Liberal Education and Music,by Willis J. Wager and Earl J. McGrath. Published for the Institute of Higher Education, Columbia University. New York: Bureau of Publications, Teachers College, Columbia University, 1962. [vii, 209 p., 8vo; $3.00]
Momentous changes are taking place in the relations between liberal education and music. Professor Wager's book is one of many symptoms. The College Music Society, and Symposium, are others. Wager's book and our society, to be sure, aim to be more than symptoms of some obscure change. But neither can claim to have surveyed all the relations, and neither can claim power to guide the change. The scope and complexity of the changing relations are too vast.
Wager's title may arouse vast expectations in the minds of more than one CMS member; if so, these will be disappointed by the book, whose real subject, well defined and systematically covered, is only a part of the vast complex of relations. To forestall false hopes the book would have to be called something like "The place of the liberal arts in the education of musicians and music teachers in the United States: history, survey of current practices, and some recommendations."
Whereas CMS was formed to study ". . . music as part of liberal education," Wager's concern is with liberal studies as part of higher education in music.
Are these concerns irrelevant, or even opposite to each other? Or rather, are they not complementary ways of penetrating the vast complex of changing relations? In the light of Symposium, volume II, where a brief article on "Music and [i.e., as part of] liberal education" was surrounded by discussions of related topics spread over a wide range, it seems to me that CMS, in its effort to do justice to its own purpose, shares and must share much of Wager's concern. I have gained, from reading Wager's book, a coherent picture of American music education such as the 1961 discussions of CMS made me wish for. I am chagrined that I had so much to learn. I am convinced that CMS cannot afford to have many members so ignorant as I was, if it is going to take part in shaping changes on a national scale. Therefore I recommend the reading of Wager to my colleagues.
Dr. Wager is Professor of Humanities and Chairman of the Department of General Studies in the School of Fine and Applied Arts at Boston University. Thus his book grows out of his continuing concern. He knows many music students. He knows the place of liberal studies in their education, and he knows both how desirable and how difficult it is to enlarge that place.
The book was commissioned by the Institute of Higher Education at Columbia, as one of a series on liberal education and the various professions, supported by funds from the Carnegie Corporation. The editor of the series and Executive Officer of the Institute, Earl J. McGrath, has contributed a foreword and an introductory chapter to Wager's book, summarizing ideas that he presented more amply in his own book, Liberal Education in the Professions (1959). Another book of the series is drawn upon by Wager: The Liberal Arts as Viewed by Faculty Members in Professional Schools (1959) by Paul L. Dressel, Lewis B. Mayhew, and McGrath. Dressel and his collaborators devised a questionnaire to which the answers of 351 teachers in 26 schools of music were shocking: these music teachers were statistically less favorable toward the liberal arts than were engineers or home economists or any other group in the survey, far less favorable than nurses or journalists.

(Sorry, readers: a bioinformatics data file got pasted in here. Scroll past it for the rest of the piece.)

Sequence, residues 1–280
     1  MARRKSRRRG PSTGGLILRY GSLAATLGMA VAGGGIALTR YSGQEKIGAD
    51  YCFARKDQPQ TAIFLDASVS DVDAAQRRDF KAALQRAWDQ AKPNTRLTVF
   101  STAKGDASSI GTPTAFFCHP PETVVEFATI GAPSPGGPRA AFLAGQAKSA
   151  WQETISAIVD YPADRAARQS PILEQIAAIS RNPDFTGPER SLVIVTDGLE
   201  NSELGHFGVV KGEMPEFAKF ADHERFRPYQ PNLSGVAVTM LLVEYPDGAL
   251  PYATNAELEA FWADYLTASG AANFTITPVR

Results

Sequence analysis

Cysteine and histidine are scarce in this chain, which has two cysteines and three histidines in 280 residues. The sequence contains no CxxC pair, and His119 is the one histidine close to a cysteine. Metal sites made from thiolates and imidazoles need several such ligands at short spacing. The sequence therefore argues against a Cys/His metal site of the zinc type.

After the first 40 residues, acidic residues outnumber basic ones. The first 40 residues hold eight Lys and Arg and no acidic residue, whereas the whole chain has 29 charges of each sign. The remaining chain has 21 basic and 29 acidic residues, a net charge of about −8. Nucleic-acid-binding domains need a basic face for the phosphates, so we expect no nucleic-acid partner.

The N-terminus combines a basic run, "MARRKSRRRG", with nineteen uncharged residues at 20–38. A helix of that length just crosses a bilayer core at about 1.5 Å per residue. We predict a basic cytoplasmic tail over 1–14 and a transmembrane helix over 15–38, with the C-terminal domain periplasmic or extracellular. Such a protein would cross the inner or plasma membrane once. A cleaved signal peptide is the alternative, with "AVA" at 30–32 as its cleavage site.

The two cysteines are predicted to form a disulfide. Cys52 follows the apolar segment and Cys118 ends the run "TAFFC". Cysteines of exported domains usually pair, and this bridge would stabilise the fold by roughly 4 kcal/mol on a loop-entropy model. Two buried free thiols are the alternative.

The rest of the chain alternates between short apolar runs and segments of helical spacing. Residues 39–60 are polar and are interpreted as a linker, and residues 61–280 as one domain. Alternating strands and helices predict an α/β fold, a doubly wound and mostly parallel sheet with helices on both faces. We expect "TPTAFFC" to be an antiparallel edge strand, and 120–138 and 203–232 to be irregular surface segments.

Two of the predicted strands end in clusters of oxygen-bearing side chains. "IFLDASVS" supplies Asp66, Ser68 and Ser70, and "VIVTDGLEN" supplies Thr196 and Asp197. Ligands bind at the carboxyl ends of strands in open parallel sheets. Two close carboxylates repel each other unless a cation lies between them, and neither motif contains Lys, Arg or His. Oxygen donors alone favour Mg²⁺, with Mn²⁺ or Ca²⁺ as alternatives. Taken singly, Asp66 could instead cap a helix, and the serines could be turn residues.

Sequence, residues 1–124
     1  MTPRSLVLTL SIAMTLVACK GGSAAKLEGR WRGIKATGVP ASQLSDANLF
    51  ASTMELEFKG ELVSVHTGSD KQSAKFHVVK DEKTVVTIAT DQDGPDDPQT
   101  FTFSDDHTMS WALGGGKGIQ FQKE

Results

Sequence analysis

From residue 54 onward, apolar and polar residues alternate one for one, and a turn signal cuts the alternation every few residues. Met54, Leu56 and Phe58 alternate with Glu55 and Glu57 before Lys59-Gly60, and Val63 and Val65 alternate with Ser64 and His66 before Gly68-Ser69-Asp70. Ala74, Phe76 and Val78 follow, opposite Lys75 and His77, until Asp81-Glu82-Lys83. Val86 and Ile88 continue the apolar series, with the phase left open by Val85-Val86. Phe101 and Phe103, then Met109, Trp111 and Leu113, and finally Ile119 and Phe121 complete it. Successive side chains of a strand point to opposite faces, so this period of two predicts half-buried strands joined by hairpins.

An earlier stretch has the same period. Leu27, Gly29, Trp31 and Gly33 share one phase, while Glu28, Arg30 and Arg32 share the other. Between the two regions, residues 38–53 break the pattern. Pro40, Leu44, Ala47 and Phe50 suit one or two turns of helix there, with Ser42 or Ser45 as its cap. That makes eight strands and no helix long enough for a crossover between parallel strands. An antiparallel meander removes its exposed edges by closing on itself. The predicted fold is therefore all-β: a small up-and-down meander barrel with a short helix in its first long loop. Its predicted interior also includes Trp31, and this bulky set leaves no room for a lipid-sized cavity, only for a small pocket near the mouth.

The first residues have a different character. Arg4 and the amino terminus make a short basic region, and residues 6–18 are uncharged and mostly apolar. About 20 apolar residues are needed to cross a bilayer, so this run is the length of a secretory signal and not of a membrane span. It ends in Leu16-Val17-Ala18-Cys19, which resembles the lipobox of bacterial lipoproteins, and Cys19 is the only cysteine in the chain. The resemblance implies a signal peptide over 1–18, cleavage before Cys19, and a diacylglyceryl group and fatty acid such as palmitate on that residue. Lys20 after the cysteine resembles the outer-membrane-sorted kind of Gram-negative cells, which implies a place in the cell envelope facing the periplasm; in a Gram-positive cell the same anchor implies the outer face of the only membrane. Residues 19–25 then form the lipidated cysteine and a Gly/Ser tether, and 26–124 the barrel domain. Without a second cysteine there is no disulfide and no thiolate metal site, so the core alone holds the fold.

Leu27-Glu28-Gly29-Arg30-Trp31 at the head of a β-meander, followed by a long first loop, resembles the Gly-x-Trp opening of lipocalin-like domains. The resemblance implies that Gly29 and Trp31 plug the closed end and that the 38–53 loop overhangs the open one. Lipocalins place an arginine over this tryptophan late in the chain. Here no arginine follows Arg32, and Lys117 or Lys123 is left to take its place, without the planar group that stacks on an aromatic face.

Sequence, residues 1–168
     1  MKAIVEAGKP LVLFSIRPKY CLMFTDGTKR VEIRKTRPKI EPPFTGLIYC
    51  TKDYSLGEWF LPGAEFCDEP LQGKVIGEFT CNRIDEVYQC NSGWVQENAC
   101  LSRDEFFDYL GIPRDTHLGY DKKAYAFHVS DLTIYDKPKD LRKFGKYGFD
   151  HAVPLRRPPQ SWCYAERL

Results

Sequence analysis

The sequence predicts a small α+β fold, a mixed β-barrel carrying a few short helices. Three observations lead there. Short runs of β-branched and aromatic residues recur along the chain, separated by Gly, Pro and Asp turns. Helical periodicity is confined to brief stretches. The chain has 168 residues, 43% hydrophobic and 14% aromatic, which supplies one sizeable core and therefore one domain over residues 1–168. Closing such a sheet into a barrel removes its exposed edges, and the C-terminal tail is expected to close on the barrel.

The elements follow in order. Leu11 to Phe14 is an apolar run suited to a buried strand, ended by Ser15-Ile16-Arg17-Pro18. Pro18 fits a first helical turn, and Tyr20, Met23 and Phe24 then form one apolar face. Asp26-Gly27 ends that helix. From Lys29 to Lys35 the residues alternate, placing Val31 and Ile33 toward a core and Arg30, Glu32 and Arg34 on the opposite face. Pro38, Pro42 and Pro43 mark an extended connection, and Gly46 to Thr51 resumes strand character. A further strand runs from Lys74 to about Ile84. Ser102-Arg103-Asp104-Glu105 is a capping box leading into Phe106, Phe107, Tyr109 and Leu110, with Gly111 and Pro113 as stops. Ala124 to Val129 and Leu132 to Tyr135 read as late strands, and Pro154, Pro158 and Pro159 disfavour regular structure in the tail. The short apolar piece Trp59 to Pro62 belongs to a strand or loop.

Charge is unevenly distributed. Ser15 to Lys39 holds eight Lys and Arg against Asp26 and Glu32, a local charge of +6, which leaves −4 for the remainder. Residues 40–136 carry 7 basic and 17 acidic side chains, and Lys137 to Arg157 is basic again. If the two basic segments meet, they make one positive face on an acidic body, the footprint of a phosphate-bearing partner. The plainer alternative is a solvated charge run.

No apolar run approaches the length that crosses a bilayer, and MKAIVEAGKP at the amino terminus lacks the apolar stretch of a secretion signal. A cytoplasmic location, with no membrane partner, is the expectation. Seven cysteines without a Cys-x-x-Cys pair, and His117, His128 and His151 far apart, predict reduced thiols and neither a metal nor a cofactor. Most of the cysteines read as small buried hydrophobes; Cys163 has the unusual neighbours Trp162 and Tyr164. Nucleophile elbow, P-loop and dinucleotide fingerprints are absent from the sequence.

Wager's own research was not done by questionnaire, but by "extensive interviews at six schools of music throughout the country," about thirty hour-long interviews at each school, ten with administrators, ten with teachers, and ten with students. Although the schools are not named, many readers will recognize them quickly. Among the teachers interviewed I believe I recognized several members of CMS. In reporting the attitudes of individuals, Wager shows noteworthy sympathy for various points of view. He does not shirk criticism, but he lets the various views come to expression with clarity and force. His criticisms are wise and by no means doctrinaire. His thirty-six pages on these interviews have the virtues of the best discussions at CMS meetings.
Under the chapter-heading, "Critical issues and recent developments," Wager surveys more formal discussions available in the publications of the MTNA, the NASM, the MENC, and elsewhere, again with sympathy for contrasting views and with tactful criticism.
The final chapter presents five "Recommendations." (1) Each school should study its history. (2) Every teacher and student should think about the "over-all purpose of professional and liberal education." (3) Administrators should listen to teachers of performance, and appreciate the peculiar ways whereby the study of music can proceed from daily practice of special technical detail to broad and deep understanding. (4) Everyone concerned should try to help develop a generally acceptable philosophy of education adequate to the changing situation of the musical profession in the world. (5) National societies—especially the NASM—should enforce standards, in spirit as well as by the letter.
These recommendations, I imagine, seem tame to Mr. McGrath, and also to some leaders of CMS whose published views Wager had taken into account. But to me they seem worthy of a strong endorsement, and I have not learned enough yet to think that I could improve on them. I doubt that anyone can improve on them without knowing the history and the recent developments that Wager has surveyed, along with many other things outside the scope of his subject.